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Friday, July 19, 2019

Phoenix-Seattle, As It Happened: A Live Journal of Game 3 of the Western Conference Semifinals

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Photo Caption: After Diana Taurasi fouled out early in the fourth quarter, Penny Taylor took over, willing the Mercury to a 77-75 victory over the reigning champion Seattle Storm in Monday night’s Game Three of the WNBA Western Conference semifinals behind a 19-point, 17-rebound individual effort. Phoenix moves on to the Western Conference Finals where they will face Tuesday night’s Game-Three winner in the other semifinal series between the Minnesota Lynx and the San Antonio Silver Stars.

Photo Credit: Full Court Press/Jeff Faddis©

By Matthew Zemek

PRELUDE: The last two WNBA champions are the Phoenix Mercury (2009) and the Seattle Storm (2010). Neither ball club is unfamiliar with the sweet taste of victory, making the pain of postseason defeat that much more poignant. Last year, Seattle completed an improbable Game-Two comeback to sweep Phoenix out of the playoffs in the Western Conference Finals,and dethrone the 2009 champions. The Storm went on to sweep Atlanta, the Eastern Conference champs, as well and take the 2010 WNBA title.

This year, Phoenix learned its lesson in a Game-Two situation. Coming back from an 80-61 beat-down at Key Arena on Thursday, the Mercury remained strong at home in the final six minutes of regulation Saturday to even the first-round series against the Storm at one game apiece. Now, it’s the Mercury who can topple the reigning title-holder in the WNBA.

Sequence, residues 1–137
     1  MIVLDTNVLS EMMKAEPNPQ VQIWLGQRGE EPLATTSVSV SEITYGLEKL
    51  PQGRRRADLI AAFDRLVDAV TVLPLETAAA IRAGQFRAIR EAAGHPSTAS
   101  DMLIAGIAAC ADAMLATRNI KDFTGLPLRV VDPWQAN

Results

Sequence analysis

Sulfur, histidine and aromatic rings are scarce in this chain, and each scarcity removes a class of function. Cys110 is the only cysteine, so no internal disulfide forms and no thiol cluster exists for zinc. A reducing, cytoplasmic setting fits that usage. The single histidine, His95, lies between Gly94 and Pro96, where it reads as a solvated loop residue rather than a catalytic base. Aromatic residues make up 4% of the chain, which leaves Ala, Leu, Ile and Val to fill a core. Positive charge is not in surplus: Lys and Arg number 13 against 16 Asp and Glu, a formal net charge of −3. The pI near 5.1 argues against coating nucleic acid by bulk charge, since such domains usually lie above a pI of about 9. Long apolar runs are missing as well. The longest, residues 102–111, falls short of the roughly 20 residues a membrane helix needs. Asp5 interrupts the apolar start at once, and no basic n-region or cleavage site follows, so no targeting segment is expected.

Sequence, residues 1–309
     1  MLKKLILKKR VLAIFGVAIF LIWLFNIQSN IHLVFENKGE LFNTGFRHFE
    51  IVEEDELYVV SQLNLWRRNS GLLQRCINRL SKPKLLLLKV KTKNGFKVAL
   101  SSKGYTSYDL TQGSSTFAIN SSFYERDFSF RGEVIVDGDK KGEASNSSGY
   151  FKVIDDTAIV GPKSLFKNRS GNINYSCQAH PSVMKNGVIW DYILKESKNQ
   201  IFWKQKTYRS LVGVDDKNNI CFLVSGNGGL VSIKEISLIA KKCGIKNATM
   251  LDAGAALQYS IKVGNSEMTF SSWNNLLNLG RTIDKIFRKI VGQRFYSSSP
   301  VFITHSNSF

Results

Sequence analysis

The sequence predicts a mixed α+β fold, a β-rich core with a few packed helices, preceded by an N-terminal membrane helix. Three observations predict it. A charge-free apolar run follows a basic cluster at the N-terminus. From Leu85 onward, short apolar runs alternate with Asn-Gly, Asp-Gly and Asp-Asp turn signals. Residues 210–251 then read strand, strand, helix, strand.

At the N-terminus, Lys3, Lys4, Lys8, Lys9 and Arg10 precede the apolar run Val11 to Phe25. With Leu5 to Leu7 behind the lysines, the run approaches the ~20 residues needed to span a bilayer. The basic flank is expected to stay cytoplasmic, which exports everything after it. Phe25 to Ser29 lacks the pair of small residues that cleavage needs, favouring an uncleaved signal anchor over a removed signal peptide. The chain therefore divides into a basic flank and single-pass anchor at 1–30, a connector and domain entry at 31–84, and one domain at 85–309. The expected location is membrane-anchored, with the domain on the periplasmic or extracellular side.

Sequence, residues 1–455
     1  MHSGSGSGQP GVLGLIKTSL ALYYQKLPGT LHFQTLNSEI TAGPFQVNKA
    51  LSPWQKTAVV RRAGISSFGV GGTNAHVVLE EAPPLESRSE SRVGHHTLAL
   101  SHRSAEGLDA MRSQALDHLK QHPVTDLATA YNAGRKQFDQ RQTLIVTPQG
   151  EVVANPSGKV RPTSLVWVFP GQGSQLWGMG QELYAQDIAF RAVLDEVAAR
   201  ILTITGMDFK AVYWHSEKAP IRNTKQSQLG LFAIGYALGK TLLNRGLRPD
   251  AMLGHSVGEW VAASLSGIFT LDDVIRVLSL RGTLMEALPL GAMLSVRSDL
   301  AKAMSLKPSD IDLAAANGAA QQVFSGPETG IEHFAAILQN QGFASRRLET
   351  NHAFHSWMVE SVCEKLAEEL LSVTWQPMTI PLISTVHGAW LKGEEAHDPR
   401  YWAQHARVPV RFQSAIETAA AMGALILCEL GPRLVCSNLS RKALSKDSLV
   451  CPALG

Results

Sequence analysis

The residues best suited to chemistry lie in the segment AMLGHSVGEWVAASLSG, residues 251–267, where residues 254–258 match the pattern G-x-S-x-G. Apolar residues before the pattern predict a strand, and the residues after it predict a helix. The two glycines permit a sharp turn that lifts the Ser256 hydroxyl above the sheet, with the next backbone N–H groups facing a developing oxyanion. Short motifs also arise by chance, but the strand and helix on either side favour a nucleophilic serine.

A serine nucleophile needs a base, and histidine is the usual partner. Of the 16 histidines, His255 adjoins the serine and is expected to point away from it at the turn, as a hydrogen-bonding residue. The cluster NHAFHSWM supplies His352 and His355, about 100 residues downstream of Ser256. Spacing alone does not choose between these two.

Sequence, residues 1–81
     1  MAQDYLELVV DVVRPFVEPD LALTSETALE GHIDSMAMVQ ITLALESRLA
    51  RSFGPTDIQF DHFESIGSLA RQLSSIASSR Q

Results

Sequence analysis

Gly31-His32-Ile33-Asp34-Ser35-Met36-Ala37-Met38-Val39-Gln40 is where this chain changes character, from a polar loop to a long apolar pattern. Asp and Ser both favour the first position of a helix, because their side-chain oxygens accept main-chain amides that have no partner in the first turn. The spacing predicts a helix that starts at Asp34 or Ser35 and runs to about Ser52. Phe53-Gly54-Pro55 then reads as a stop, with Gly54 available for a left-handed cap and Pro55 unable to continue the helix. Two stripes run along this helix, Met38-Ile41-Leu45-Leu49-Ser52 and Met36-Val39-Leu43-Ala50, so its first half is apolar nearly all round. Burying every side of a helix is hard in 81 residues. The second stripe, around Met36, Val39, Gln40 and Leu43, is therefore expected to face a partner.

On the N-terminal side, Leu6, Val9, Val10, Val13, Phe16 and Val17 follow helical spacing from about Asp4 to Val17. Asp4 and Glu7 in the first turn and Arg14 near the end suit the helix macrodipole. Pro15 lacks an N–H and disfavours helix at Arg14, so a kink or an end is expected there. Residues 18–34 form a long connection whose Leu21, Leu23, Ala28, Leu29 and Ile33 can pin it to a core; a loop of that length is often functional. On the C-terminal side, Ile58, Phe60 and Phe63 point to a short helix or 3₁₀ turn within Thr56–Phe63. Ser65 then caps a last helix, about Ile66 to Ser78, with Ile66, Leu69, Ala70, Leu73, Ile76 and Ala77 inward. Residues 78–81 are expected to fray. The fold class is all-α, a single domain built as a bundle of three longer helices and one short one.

Being able to do the deed in Key Arena, a house of horrors for visitors over the years, would give Phoenix an immeasurable boost heading into the Western Conference Finals. Seattle has been Phoenix’s worst match-up in recent seasons. In years past, the Los Angeles Sparks were the team that normally sent the Storm packing in the first round but this year, they floundered to a 15-19 finish and failed to make the postseason. If Phoenix can somehow play its best road game of the year in the Pacific Northwest, it would be able to play the West Finals on relatively even terms and eye an opportunity to roar back to the WNBA Finals.